Is Current Government Education Policy Failing the Most Disadvantaged? an Incisive Analysis from Dr Mary Bousted, General Secretary, Association of Teachers and Lecturers
Bousted, Mary, New Statesman (1996)
When Tony Blair entered No. 10 Downing Street in 1997 he declared that his first priority would be 'education, education, education.' As we enter the final stretch of Blair's premiership it is timely to evaluate the achievements within New Labour's key policy priority.
New Labour's approach to education policy making can be characterised as 'carrot' and 'stick'.
The 'carrot' is greatly increased spending. Some comparisons will serve: in 1997 the total UK budget for education and training was [pounds sterling]36 billion; in 2004/05 it is [pounds sterling]65 billion and it will rise again to [pounds sterling]79 billion in 2007/08. Capital investment in buildings, technology and computers for both primary and secondary schools was just [pounds sterling]100 per year per pupil in 1997, last year it was [pounds sterling]650 and will rise by 2010 to at least [pounds sterling]1,000 per year per pupil.
The 'stick' is the drive to raise standards for all, including those groups who have traditionally not achieved within the state education system and, in particular, working class students. David Blunkett, Blair's first education secretary, famously offended teachers throughout the country when he declared that students in inner city schools failed because their teachers had low expectations. Whilst the insult was gratuitous (and at a stroke did away with the goodwill and high expectations with which teachers had greeted the 1997 Labour election victory), there was a serious policy point being made. New Labour had their sights targeted on schools as the key instrument of social reform. Whatever the social and economic circumstances of the pupils, the school's prime purpose was to give all its students, from whatever background, the basic skills to enable them to compete and succeed in the labour market.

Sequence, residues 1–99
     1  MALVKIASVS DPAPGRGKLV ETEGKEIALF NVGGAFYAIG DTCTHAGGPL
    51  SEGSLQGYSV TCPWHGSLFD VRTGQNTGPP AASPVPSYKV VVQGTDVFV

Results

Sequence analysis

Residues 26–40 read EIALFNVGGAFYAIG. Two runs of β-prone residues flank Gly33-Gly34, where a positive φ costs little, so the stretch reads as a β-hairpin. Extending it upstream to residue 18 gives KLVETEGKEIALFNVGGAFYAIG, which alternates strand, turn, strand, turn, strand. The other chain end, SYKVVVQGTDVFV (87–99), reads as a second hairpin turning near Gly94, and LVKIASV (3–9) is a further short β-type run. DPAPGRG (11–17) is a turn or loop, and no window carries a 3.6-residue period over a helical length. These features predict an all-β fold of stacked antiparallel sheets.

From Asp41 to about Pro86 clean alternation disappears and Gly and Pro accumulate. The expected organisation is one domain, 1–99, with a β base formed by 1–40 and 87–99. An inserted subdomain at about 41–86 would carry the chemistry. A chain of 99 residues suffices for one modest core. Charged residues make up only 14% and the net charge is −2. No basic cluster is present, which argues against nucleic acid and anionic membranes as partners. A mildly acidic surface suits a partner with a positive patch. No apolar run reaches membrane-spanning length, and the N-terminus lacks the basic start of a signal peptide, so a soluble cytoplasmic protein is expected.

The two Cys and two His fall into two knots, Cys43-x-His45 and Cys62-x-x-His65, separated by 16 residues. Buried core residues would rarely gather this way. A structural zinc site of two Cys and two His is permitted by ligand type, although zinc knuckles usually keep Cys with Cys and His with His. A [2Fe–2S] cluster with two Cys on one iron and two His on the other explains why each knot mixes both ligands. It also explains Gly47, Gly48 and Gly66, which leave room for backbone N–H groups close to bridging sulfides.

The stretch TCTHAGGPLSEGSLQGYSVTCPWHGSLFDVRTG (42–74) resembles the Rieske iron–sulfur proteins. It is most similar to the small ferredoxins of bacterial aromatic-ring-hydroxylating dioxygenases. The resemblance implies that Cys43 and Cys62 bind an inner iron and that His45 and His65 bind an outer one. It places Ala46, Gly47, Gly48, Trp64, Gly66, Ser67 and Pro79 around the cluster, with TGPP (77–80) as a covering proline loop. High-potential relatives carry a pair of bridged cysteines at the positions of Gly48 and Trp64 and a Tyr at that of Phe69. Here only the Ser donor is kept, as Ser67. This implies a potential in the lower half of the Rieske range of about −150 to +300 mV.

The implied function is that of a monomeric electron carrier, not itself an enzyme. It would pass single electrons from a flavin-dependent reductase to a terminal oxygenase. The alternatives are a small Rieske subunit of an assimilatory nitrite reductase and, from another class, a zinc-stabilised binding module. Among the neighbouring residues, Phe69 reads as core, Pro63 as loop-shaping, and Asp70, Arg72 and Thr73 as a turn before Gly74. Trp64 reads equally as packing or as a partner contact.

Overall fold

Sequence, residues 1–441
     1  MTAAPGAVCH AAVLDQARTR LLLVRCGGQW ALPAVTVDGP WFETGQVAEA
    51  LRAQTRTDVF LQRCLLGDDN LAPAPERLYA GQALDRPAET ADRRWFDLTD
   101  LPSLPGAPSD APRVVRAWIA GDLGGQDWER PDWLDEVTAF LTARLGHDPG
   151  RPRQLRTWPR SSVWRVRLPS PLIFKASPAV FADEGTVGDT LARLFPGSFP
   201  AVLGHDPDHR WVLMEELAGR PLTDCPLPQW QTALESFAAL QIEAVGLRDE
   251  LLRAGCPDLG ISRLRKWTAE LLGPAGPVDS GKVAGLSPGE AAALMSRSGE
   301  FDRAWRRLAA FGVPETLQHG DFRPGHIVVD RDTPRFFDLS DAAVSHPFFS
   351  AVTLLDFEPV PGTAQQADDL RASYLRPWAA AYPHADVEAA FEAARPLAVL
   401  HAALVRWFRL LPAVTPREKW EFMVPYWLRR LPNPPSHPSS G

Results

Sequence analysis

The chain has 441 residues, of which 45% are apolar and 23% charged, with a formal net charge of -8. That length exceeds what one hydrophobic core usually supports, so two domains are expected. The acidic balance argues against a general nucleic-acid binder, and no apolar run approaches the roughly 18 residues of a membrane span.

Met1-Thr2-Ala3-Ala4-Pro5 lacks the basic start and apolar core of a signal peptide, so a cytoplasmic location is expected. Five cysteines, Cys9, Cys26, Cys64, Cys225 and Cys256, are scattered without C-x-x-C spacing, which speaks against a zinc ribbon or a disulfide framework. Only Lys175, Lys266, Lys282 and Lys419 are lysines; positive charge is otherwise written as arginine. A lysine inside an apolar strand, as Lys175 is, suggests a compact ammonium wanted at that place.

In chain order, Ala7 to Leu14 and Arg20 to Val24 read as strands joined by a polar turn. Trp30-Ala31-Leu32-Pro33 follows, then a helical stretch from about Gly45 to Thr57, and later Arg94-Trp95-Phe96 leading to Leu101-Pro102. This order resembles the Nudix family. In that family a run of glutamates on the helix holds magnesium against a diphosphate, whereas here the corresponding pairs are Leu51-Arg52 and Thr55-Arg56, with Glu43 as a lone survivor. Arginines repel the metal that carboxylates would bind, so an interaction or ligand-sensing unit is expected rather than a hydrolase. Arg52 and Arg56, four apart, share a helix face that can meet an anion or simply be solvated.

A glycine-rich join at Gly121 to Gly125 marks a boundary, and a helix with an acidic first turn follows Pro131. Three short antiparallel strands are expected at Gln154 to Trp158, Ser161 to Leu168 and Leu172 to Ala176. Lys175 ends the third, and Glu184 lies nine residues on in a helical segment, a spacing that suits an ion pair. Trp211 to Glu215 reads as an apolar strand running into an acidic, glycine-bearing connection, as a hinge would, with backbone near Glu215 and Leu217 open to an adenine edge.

The 'new deal' for education was essentially simple--increased funding was provided, increased performance was demanded.
So has the equation been balanced? Has higher investment resulted in higher standards of achievement? If we look at the national data on test standards the answer would be yes. In 1997 45% of the pupil cohort achieved 5 or more GCSEs. In 2004 this figure has risen to 53%. But this is not the whole story. Although test scores have risen, too many young people rush to leave compulsory schooling and refuse to take part in further education. Last year Britain came 25th out of the 29 OECD countries for staying-on rates post 16. When asked, young people say that their education prepared them for passing tests, but not for life after school. When you consider that the average 16 year old taking eight GCSEs will endure 40 external tests, and that out of a six-term GCSE course, two terms will have been spent in revision for those tests, it becomes apparent that the balance between teaching and testing is completely out of kilter. …